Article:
Clinical presentation and diagnosis

CINV, though frequently discussed as one syndrome, are two distinct clinical entities. Nauseous patients may present with general GI upset and reflux and may report a sensation or desire to vomit without being able to do so (patients may describe this as having "dry heaves"). Patients with chemo-therapy-induced vomiting may experience vomiting with the first 24 hours of chemotherapy administration ("acute" nausea/ vomiting) or several days following chemotherapy ("delayed" nausea/vomiting).3 Patients may additionally experience nausea/vomiting prior to chemotherapy administration ("anticipatory" nausea/vomiting).3 In all cases, it is important that other causes of nausea and vomiting are ruled out before diagnosing chemotherapy as the source.6 Other causes of nausea and vomiting may include bowel obstruction, opioids, electrolyte imbalances, brain metastases, and vestibular dysfunction.6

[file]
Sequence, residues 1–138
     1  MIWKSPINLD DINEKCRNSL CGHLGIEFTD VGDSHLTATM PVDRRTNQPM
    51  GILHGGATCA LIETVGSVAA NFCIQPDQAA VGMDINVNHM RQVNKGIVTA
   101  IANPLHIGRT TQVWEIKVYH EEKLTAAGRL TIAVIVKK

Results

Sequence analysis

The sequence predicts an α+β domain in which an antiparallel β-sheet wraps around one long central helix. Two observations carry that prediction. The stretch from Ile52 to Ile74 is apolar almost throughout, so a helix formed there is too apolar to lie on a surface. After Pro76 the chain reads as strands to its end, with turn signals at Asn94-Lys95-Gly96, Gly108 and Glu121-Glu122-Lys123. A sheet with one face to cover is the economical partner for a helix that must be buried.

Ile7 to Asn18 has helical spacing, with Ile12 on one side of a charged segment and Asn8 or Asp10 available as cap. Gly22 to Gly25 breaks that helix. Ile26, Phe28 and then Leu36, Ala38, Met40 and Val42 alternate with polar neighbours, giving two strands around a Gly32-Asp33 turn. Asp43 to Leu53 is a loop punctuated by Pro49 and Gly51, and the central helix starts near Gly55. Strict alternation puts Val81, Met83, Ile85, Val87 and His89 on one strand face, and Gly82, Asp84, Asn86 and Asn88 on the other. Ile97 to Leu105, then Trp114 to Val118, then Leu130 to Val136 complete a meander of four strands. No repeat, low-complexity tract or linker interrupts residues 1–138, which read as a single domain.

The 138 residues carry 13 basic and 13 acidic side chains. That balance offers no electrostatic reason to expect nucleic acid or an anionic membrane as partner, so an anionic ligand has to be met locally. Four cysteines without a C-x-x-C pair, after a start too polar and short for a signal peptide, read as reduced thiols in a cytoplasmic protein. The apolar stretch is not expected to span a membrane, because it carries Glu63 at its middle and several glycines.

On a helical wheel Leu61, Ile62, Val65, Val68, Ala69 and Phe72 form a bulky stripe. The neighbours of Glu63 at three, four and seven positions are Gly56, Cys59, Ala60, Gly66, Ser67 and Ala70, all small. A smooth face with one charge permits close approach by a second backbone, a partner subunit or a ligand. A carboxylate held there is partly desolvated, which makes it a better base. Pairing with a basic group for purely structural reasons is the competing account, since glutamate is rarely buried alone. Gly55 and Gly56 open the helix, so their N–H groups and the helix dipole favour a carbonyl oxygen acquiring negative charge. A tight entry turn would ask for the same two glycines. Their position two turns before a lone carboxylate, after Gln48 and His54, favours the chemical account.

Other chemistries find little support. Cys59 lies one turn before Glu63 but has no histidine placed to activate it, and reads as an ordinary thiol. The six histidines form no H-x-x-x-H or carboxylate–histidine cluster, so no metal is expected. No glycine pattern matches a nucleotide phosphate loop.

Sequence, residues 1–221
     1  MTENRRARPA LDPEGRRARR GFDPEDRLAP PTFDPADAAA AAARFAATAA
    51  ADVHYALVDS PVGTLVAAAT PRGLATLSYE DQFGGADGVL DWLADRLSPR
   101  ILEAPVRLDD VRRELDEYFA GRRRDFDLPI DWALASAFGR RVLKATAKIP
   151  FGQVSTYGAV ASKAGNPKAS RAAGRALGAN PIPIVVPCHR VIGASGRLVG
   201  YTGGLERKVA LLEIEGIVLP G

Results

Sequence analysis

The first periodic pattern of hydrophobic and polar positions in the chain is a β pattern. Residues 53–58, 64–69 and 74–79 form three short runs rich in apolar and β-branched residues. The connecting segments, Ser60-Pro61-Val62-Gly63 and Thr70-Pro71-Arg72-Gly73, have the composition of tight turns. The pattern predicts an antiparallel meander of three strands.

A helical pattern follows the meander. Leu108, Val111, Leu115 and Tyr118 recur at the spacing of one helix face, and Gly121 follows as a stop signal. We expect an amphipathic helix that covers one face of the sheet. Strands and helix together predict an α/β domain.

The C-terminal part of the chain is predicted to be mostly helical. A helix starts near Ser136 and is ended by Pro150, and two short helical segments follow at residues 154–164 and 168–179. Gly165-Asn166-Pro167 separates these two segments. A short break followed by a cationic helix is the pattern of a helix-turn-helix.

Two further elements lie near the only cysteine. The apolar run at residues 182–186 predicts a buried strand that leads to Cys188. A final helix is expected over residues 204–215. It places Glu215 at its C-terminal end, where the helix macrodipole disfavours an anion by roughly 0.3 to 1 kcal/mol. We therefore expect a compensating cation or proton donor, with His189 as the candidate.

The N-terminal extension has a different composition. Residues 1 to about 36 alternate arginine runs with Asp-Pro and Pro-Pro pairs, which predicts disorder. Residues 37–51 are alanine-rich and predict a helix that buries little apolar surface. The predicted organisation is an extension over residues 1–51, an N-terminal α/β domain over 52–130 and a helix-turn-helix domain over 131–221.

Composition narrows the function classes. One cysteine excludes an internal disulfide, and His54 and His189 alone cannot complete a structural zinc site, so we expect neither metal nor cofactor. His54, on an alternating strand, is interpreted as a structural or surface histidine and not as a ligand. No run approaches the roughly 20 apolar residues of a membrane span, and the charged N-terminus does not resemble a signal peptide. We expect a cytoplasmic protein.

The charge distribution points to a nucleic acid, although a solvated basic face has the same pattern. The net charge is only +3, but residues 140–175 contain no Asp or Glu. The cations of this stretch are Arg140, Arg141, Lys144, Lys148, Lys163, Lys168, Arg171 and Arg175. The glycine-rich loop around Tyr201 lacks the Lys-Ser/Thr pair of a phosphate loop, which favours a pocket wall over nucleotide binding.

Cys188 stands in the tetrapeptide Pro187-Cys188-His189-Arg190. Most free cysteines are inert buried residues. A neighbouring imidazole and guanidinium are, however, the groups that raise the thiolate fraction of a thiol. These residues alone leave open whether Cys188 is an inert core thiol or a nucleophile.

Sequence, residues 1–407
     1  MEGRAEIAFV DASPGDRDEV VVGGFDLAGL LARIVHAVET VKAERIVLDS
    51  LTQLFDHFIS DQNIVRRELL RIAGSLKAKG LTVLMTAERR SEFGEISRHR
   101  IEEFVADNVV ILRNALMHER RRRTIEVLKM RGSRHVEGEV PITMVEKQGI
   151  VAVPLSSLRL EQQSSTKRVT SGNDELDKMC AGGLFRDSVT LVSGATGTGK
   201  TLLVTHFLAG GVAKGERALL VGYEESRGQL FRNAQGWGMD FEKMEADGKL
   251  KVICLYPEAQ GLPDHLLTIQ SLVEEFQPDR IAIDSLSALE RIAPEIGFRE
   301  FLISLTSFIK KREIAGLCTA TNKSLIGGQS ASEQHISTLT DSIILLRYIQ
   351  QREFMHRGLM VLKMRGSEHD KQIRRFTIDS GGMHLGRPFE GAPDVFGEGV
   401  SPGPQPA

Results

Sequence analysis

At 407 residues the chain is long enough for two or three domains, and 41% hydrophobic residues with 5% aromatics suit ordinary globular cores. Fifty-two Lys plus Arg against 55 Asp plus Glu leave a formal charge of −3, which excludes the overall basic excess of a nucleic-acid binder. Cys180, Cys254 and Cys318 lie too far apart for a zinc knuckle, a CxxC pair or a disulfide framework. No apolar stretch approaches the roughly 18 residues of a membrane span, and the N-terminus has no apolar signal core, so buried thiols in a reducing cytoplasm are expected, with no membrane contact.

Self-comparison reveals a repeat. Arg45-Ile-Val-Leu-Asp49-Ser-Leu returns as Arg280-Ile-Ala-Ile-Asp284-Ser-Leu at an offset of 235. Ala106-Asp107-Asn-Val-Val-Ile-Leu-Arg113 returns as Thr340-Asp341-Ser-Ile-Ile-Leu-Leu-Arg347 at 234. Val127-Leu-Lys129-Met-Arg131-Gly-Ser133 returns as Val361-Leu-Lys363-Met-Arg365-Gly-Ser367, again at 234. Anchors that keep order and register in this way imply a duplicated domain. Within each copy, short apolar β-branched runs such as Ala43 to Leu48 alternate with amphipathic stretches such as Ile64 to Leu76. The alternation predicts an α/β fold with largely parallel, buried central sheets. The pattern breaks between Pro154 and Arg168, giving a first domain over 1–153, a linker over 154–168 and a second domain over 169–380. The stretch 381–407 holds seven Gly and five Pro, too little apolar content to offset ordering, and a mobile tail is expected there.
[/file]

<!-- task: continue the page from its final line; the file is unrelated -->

The Prevention and Treatment of Headaches

The Prevention and Treatment of Headaches

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